1940: the entire population of Friar, New Hampshire walked up a winding mountain trail, leaving everything behind. 2008: the first official expedition into the wilderness attempts to solve the mystery of the lost citizens of Friar.
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Adrián García Bogliano
One Morning in New England, 1940, the entire population of Friar New Hampshire - 572 people - walked together up a winding mountain trail and into the wilderness. They left behind their clothes, their money, all of their essentials. Even their dogs were abandoned, tied to posts and left to starve. No One knows why. A search party dispatched by the U.S. Army eventually discovered the remains of nearly 300 of Friar's evacuees. Many had frozen to death. Others were cruelly and mysteriously slaughtered. The bodies of the remaining citizens are still unaccounted for. Over the years, a quiet cover-up operation managed to weave the story of Friar into the stuff of legends and backwoods fairy tales. The town has slowly repopulated, but the vast wilderness is mostly untracked, with the northern-most stretches off limits to local hunters and loggers. In 2008, the coordinates for the "YELLOWBRICKROAD" trail head were declassified. The first official expedition into a dark and twisted wilderness ...Written by
Andy Mitton and Jesse Holland
solid, and managed to stick with me long after I had finished watching it.
Buzz has been flying around about YELLOWBRICKROAD for some time now. Recently, the film was picked up for distribution by the newly formed "Bloody Disgusting Selects" label, and will begin a limited theatrical run on June 1st. The film has been touted as "Blair Witch done right". I'm not so certain that's anything outside of a hit farming quote, but I can see why the two films would be compared. A group of people set off into the woods where something horrible once happen in order to uncover the truth, and publish their findings in a book. Navigation equipment begins to malfunction, mysterious music begins to play from an unknown source, and the crew is wearing down very quickly.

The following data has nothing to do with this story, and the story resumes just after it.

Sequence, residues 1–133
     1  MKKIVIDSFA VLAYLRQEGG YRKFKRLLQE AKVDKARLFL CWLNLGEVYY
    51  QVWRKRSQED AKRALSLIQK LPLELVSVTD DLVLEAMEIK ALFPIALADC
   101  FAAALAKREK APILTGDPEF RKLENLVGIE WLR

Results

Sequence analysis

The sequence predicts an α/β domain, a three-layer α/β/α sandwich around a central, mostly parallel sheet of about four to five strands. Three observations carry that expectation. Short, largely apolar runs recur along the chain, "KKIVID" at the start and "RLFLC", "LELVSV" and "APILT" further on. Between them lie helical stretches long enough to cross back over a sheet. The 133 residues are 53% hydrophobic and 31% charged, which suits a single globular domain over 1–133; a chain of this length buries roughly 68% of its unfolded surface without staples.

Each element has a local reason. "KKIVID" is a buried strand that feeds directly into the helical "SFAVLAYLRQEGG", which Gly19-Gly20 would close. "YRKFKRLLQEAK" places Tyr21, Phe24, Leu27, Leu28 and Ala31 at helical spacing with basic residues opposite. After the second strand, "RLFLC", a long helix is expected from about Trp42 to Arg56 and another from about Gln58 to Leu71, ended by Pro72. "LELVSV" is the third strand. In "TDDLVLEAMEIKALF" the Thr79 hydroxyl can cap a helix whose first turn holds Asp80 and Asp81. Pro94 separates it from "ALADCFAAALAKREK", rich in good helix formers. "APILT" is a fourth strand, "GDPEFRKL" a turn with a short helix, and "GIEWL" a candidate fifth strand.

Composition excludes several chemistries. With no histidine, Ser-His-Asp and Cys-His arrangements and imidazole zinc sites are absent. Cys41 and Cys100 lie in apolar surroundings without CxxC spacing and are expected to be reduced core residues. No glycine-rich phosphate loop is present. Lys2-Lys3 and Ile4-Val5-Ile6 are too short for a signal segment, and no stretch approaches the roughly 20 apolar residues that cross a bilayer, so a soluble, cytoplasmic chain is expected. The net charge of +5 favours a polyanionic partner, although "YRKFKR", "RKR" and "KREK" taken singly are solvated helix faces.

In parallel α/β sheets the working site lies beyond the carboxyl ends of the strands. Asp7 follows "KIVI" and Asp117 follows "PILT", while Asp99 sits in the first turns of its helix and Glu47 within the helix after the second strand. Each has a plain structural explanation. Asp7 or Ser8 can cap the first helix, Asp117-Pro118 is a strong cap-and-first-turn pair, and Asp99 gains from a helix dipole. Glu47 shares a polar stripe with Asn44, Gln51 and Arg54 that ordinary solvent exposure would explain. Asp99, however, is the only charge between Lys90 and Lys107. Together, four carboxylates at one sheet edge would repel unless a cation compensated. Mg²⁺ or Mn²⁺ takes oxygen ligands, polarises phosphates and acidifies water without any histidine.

The music that I spoke of before is one of the most important aspects of the film. It's the first indication that there's something very wrong about their surroundings, and you can see the group's mental state deteriorating as the music becomes more and more obnoxious. To be honest, at the half-way point, I was actually beginning to feel quite hostile myself. It was a very effective way to illustrate to the audience, a descent into madness. Just as it fades, you think it may be over, or at the very least the group will find the source, but it kicks back in to an even higher gear. On paper, that may sound a tad gimmicky, but in execution, it flawlessly delivers the filmmaker's desired effect.
This is not a jump-scare thriller, so if you're expecting cheap thrills, you'll be sorely disappointed. This is most certainly a slow burning film. At the 40 minute mark, nothing much had happened outside of character development, and atmospheric tension. For some, this will be a turn-off. But, if you appreciate the ability to invest yourself into the experience, and the characters, this will be a major selling point. When the inevitable begins, it's that much more effective, having built relationships with each character on screen.